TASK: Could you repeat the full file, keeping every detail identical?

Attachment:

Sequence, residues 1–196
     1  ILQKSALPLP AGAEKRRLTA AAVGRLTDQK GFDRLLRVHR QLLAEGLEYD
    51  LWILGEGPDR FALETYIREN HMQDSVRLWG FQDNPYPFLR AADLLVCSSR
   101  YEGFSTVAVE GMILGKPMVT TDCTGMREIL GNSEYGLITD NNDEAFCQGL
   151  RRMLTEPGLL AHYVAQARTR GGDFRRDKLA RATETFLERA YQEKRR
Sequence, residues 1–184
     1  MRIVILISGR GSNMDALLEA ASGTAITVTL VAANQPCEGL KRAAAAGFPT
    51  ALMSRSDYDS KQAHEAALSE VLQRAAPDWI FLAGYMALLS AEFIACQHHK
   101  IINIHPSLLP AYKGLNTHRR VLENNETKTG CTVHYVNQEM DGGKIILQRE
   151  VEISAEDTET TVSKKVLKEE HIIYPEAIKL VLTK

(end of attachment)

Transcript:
Sequence, residues 1–196
     1  ILQKSALPLP AGAEKRRLTA AAVGRLTDQK GFDRLLRVHR QLLAEGLEYD
    51  LWILGEGPDR FALETYIREN HMQDSVRLWG FQDNPYPFLR AADLLVCSSR
   101  YEGFSTVAVE GMILGKPMVT TDCTGMREIL GNSEYGLITD NNDEAFCQGL
   151  RRMLTEPGLL AHYVAQARTR GGDFRRDKLA RATETFLERA YQEKRR
Sequence, residues 1–184
     1  MRIVILISGR GSNMDALLEA ASGTAITVTL VAANQPCEGL KRAAAAGFPT
    51  ALMSRSDYDS KQAHEAALSE VLQRAAPDWI FLAGYMALLS AEFIACQHHK
   101  IINIHPSLLP AYKGLNTHRR VLENNETKTG CTVHYVNQEM DGGKIILQRE
   151  VEISAEDTET TVSKKVLKEE HIIYPEAIKL VLTK